Ex-Minister Peter Hain leaving the scene of yet another little misunderstanding in 1969.
HAIN CLAIMS VINDICATION – BUT HE NEEDS TO LOOK HARDER AT THE NUMBERS
Peter Hain today believes he was right all along to try and stop the BNPâs appearance on Question Time. He has seized (as you’d expect) on the 22% of Yougov respondents who said they’d ’seriously’ consider voting BNP following the appearance of BNP leader Nick Griffin on the show. But in his triumphalist declaration, Peter Hain displays three facets of his personality with chilling clarity.
First, his assumption that ordinary voters are far too dim and malleable to withstand the sinister appeal of the Griffin Tendency. Second, his unwillingness as ever to accept any Establishment responsibility in terms of mistaken policy. Finally, like all the political class in 2009, there is an almost wilful inability to understand what the YouGov research is saying.
But first of all we should examine the BBC audience feedback. Of the calls the corporation got after the show, fully 60% thought the ambushing and bullying of Griffin was unacceptable. So then, congratulations Establishment: you managed to generate public support for an extremist.
Further, the same feedback indicated that those against the BNP being allowed on the show were outnumbered three to one. So well done again, Mr Hain: finger on the public pulse as ever.
As for the ‘22% more’ BNP ’support’, the Telegraph’s study doesn’t say this at all. It says 4% think they’d ‘definitely’ vote BNP, and 3% more would ‘probably’ do so. As memories of the Question Time edition fade, the 3% will drop dramatically. As for the 15% who said they would ‘possibly’ vote for Griffin’s Party, any pollster will tell you such a mild intention can be virtually discounted.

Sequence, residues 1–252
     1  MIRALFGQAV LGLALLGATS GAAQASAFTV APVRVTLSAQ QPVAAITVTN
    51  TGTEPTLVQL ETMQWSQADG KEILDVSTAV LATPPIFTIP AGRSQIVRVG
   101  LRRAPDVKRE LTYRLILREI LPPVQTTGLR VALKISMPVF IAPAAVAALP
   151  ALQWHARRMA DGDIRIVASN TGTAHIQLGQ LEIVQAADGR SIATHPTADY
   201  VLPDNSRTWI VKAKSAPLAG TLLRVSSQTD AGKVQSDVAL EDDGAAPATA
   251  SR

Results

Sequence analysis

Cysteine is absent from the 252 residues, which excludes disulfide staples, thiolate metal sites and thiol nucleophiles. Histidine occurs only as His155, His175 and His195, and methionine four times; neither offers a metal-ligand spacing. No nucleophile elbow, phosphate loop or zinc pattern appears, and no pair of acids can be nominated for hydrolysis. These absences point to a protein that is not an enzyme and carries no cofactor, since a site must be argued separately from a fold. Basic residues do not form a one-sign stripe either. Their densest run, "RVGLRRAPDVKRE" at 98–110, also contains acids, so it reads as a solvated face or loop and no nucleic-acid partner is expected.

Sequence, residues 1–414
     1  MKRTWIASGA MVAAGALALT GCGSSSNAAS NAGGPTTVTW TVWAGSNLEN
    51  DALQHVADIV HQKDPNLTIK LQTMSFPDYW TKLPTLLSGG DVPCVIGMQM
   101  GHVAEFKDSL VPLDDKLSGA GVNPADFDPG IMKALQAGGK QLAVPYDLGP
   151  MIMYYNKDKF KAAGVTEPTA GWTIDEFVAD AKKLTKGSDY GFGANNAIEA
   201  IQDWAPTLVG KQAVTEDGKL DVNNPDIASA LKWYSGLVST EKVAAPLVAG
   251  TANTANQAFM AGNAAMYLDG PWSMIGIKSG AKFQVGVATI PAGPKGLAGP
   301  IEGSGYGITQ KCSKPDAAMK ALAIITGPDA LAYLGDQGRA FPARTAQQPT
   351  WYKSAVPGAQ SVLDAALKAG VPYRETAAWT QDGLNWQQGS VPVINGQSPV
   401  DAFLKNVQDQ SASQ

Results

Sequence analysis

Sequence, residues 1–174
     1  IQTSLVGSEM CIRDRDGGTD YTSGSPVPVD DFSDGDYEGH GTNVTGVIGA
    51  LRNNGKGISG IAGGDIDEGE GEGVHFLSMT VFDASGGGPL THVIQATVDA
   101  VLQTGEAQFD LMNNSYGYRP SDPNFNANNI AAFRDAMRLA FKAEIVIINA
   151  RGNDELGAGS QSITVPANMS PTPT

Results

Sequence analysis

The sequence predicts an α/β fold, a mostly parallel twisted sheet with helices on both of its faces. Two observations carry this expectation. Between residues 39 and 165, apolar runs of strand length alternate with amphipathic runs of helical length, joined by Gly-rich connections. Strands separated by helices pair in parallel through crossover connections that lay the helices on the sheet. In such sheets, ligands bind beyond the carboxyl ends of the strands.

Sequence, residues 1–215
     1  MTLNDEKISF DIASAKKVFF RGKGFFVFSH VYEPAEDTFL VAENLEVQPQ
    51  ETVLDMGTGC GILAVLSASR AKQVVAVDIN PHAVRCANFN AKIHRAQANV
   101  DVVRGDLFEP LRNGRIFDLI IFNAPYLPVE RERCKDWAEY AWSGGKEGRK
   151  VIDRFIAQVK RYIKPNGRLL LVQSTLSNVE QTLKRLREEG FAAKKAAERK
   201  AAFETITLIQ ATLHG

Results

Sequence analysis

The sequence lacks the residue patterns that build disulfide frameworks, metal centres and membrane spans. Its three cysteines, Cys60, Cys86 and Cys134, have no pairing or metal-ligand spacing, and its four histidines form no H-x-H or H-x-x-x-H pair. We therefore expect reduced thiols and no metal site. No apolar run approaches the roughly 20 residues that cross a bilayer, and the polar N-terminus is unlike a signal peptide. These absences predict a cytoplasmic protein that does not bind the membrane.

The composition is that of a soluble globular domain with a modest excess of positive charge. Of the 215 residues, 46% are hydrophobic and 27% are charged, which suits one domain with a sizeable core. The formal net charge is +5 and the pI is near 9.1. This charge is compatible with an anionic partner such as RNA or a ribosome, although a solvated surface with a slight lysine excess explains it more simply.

Now let’s look at where the sympathy for BNP ideas comes from. The biggest single group (just over 50%) said the BNP points out that ’successive governments have done far too little to protectâ indigenous British rights. In short, Establishment failure again; even amongst these, however, 55% said they had ‘no sympathy with’ or ‘disagreed totally with’ the overall stance of the Party. The vast majority of those polled said they would never vote BNP, whatever the circumstances.
Finally, the Yougov research showed that support for the BNP has risen overall by just 1%. Not only this, but it has risen by 1% over the last month. During that time, BBC pr’s, opportunistic media – and an equally oppportunistic Peter Hain among many other MPs – gave the event media time out of all proportion to the programme’s importance. They and they alone were responsible for a unique level of interest being whipped up: and to live by the sword is also to die by it.
Peter Hain is the archetypal left-leaning politician in search of support for his theories – up to but not including the empirical data available that rubbishes them. He would have been better employed keeping quiet during October…and who knows, perhaps even appearing on the show to defeat Griffin’s entirely deluded view of life personally â by the use of rational argument rather rabid insults.
John Ward 2009